Adjusting outliers with the 1.5 IQR rule

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In my new book, End-to-End Data Science with SAS: A Hands-On Programming Guide, I use the 1.5 IQR rule to adjust multiple variables.  This program utilizes a macro that loops through a list of variables to make the necessary adjustments and creates an output data set.

One of the most popular ways to adjust for outliers is to use the 1.5 IQR rule. This rule is very straightforward and easy to understand. For any continuous variable, you can simply multiply the interquartile range by the number 1.5. You then add that number to the third quartile. Any values above that threshold are suspected as being an outlier. You can also perform the same calculation on the low end. You can subtract the value of IQR x 1.5 from the first quartile to find low-end outliers.

The process of adjusting for outliers can be tedious if you have several continuous variables that are suspected as having outliers. You will need to run PROC UNIVARIATE on each variable to identify its median, 25th percentile, 75th percentile, and interquartile range. You would then need to develop a program that identifies values above and below the 1.5 IQR rule thresholds and overwrite those values with new values at the threshold.

The following program is a bit complicated, but it automates the process of adjusting a list of continuous variables according to the 1.5 IQR rule. This program consists of three distinct parts:

    1. Create a BASE data set that excludes the variables contained in the &outliers global macro. Then create an OUTLIER data set that contains only the unique identifier ROW_NUM and the outlier variables.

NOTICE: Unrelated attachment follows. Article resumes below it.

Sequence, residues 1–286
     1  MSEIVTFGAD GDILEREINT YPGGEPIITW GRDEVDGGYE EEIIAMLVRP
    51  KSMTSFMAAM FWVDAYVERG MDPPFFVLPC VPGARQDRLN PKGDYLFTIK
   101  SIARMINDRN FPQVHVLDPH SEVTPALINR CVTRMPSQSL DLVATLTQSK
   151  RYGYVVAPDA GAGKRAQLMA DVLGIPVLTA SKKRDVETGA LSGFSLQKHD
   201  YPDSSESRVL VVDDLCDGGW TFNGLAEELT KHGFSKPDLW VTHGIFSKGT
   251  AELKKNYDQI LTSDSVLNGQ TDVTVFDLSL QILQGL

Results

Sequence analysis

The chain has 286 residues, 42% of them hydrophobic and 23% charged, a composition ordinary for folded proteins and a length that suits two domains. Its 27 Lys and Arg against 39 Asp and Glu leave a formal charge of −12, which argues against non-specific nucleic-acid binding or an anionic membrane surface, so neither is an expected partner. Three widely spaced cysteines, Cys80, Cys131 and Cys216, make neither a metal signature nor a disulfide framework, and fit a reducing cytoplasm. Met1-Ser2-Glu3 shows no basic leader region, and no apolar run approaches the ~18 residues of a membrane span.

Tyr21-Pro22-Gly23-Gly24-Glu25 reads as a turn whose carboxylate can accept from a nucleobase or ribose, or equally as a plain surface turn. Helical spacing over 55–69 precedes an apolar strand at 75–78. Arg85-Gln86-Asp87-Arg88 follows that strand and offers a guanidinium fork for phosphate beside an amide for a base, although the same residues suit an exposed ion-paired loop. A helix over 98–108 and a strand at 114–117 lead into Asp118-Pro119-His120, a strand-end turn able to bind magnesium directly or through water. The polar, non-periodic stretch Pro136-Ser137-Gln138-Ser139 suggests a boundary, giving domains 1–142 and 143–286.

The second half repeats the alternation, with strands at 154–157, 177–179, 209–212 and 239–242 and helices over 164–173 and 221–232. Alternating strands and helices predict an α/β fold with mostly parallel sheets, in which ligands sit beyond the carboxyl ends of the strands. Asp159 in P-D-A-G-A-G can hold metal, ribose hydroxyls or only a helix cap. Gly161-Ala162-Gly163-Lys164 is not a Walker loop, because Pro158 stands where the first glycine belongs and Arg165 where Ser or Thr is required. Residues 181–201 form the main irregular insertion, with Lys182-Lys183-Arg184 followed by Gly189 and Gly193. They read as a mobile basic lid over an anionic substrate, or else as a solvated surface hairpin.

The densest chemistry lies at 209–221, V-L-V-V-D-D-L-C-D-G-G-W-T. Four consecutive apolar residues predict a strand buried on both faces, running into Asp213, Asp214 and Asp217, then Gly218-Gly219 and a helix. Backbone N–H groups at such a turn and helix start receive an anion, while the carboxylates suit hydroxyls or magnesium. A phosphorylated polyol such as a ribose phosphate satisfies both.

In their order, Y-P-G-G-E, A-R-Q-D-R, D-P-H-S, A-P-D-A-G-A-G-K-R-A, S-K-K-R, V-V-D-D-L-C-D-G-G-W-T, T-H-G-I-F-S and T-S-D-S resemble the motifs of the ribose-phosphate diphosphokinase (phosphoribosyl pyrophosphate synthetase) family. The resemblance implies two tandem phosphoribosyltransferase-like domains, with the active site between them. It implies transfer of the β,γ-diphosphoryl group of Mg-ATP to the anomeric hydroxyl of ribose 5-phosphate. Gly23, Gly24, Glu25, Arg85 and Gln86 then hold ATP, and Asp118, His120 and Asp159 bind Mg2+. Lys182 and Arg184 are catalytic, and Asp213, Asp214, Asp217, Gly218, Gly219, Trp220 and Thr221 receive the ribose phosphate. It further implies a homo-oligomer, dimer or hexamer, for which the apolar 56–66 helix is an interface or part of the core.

2. Create an algorithm that loops through each of the outlier variables contained in the global variable &outliers and apply the 1.5 IQR rule to cap each variable’s range according to its unique 1.5 IQR value.
    3. Merge the newly restricted outlier variable with the BASE data set.
/*Step 1: Create BASE and OUTLIER data sets*/
 
%let outliers = /*list of variables*/;
 
DATA MYDATA.BASE;
    SET MYDATA.LOAN_ADJUST (DROP=&outliers.);
    ROW_NUM = _N_;
RUN;
 
DATA outliers;
    SET MYDATA.LOAN_ADJUST (KEEP=&outliers. ROW_NUM);
    ROW_NUM = _N_;
RUN;
 
 /*Step 2: Create loop and apply the 1.5 IQR rule*/
 
%MACRO loopit(mylist);
    %LET n = %SYSFUNC(countw(&mylist));
 
    %DO I=1 %TO &n;
        %LET val = %SCAN(&mylist,&I);
 
        PROC UNIVARIATE DATA = outliers ;
            VAR &val.;
            OUTPUT OUT=boxStats MEDIAN=median QRANGE=iqr;
        run;
 
        data _NULL_;
           SET boxStats;
           CALL symput ('median',median);
           CALL symput ('iqr', iqr);
        run;
 
        %PUT &median;
        %PUT &iqr;
 
        DATA out_&val.(KEEP=ROW_NUM &val.);
        SET outliers;
 
       IF &val. ge &median + 1.5 * &iqr THEN
           &val. = &median + 1.5 * &iqr;
       RUN;
 
/*Step 3: Merge restricted value to BASE data set*/
 
       PROC SQL;
           CREATE TABLE MYDATA.BASE AS